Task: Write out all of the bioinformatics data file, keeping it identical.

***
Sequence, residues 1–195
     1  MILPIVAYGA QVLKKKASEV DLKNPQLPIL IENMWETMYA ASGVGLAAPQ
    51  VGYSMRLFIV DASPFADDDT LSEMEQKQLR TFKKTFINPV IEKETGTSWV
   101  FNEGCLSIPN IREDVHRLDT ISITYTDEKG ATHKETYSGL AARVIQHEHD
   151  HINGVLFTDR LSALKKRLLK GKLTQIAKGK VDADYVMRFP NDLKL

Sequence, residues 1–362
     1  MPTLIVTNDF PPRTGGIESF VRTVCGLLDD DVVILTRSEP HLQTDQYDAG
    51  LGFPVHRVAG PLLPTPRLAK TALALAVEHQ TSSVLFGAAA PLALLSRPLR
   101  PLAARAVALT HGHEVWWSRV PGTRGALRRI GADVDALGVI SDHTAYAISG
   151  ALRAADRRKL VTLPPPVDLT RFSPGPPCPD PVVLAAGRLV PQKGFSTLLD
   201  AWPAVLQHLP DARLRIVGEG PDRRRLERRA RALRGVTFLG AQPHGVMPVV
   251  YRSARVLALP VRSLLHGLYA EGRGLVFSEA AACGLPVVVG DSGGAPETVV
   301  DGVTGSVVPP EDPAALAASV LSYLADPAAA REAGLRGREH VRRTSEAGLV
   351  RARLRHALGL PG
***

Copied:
Sequence, residues 1–195
     1  MILPIVAYGA QVLKKKASEV DLKNPQLPIL IENMWETMYA ASGVGLAAPQ
    51  VGYSMRLFIV DASPFADDDT LSEMEQKQLR TFKKTFINPV IEKETGTSWV
   101  FNEGCLSIPN IREDVHRLDT ISITYTDEKG ATHKETYSGL AARVIQHEHD
   151  HINGVLFTDR LSALKKRLLK GKLTQIAKGK VDADYVMRFP NDLKL

Sequence, residues 1–362
     1  MPTLIVTNDF PPRTGGIESF VRTVCGLLDD DVVILTRSEP HLQTDQYDAG
    51  LGFPVHRVAG PLLPTPRLAK TALALAVEHQ TSSVLFGAAA PLALLSRPLR
   101  PLAARAVALT HGHEVWWSRV PGTRGALRRI GADVDALGVI SDHTAYAISG
   151  ALRAADRRKL VTLPPPVDLT RFSPGPPCPD PVVLAAGRLV PQKGFSTLLD
   201  AWPAVLQHLP DARLRIVGEG PDRRRLERRA RALRGVTFLG AQPHGVMPVV
   251  YRSARVLALP VRSLLHGLYA EGRGLVFSEA AACGLPVVVG DSGGAPETVV
   301  DGVTGSVVPP EDPAALAASV LSYLADPAAA REAGLRGREH VRRTSEAGLV
   351  RARLRHALGL PG